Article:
Head Hunters
The 1973 album that brought jazz-funk to mainstream attention. Ultimate clasic!

Head Hunters

Herbie Hancock

€ 26,95
  • LP
Label
Music On Vinyl, Legacy, Columbia
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Description

Head Hunters is the twelfth studio album by American pianist and composer Herbie Hancock, originally released October 26, 1973, on Columbia Records. 

Head Hunters followed a series of experimental albums by Hancock's sextet: Mwandishi, Crossings, and Sextant, released between 1971 and 1973, a time when Hancock was looking for a new direction in which to take his music:

"I began to feel that I had been spending so much time exploring the upper atmosphere of music and the more ethereal kind of far-out spacey stuff. Now there was this need to take some more of the earth and to feel a little more tethered; a connection to the earth. ... I was beginning to feel that we (the sextet) were playing this heavy kind of music, and I was tired of everything being heavy. I wanted to play something lighter."

— Hancock

For this album, Hancock assembled a new band, the Headhunters, of whom only Bennie Maupin had been a sextet member. Hancock handled all synthesizer parts himself (having previously shared these duties with Patrick Gleeson) and he decided against the use of guitar altogether, favoring instead the clavinet, one of the defining sounds on the album. The new band featured a tight rhythm and blues-oriented rhythm section composed of Paul Jackson (bass) and Harvey Mason (drums), and the album has a relaxed, funky groove that gave the album an appeal to a far wider audience. Perhaps the defining moment of the jazz-fusion movement (or perhaps even the spearhead of the Jazz-funk style of the fusion genre), the album made jazz listeners out of rhythm and blues fans, and vice versa. The album mixes funk rhythms, like the busy high hats in 16th notes on the opening track "Chameleon", with the jazz AABA form and extended soloing.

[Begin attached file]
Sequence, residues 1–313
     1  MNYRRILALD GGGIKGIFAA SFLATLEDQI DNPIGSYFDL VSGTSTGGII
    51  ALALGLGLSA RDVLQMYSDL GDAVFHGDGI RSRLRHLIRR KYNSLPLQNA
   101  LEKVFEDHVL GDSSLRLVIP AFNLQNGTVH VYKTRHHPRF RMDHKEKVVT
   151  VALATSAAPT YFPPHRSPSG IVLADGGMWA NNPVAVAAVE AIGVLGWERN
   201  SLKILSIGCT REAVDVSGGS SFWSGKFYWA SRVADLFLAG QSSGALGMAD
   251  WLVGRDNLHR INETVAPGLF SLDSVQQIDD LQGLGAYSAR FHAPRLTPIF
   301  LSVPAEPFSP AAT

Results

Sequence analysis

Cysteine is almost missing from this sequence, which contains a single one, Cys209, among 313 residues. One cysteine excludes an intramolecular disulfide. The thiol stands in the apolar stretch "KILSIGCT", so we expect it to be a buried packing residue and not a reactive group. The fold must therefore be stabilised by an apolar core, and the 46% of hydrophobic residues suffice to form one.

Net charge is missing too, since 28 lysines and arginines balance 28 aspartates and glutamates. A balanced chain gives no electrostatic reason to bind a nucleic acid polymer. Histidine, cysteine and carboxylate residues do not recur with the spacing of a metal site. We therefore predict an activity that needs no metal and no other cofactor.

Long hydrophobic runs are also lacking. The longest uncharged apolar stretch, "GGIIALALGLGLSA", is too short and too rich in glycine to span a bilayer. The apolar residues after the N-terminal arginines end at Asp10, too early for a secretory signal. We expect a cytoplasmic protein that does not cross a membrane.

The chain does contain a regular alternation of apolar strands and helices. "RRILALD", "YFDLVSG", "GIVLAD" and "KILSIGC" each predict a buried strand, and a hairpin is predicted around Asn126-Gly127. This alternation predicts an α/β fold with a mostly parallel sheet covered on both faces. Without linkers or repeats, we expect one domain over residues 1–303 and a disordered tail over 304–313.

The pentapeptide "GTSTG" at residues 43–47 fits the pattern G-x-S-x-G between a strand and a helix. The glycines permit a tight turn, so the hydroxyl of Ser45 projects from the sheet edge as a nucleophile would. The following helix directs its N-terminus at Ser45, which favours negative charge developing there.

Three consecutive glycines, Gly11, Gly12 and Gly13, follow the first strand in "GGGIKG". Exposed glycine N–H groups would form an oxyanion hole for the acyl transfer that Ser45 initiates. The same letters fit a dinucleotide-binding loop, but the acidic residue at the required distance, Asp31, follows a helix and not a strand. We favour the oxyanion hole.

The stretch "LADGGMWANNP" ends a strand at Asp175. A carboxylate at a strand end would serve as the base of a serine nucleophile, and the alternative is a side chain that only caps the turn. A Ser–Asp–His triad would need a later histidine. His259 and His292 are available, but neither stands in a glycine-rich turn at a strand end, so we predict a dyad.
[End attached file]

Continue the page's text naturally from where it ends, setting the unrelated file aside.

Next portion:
The album was a commercial and artistic breakthrough for Hancock, crossing over to funk and rock audiences and bringing jazz-funk fusion to mainstream attention, peaking at number 13 on the Billboard 200. 

Tracklist

A

  • 1.Chameleon15:41
  • 2.Watermelon Man06:29

B

  • 1.Sly10:18
  • 2.Vein Melter09:10

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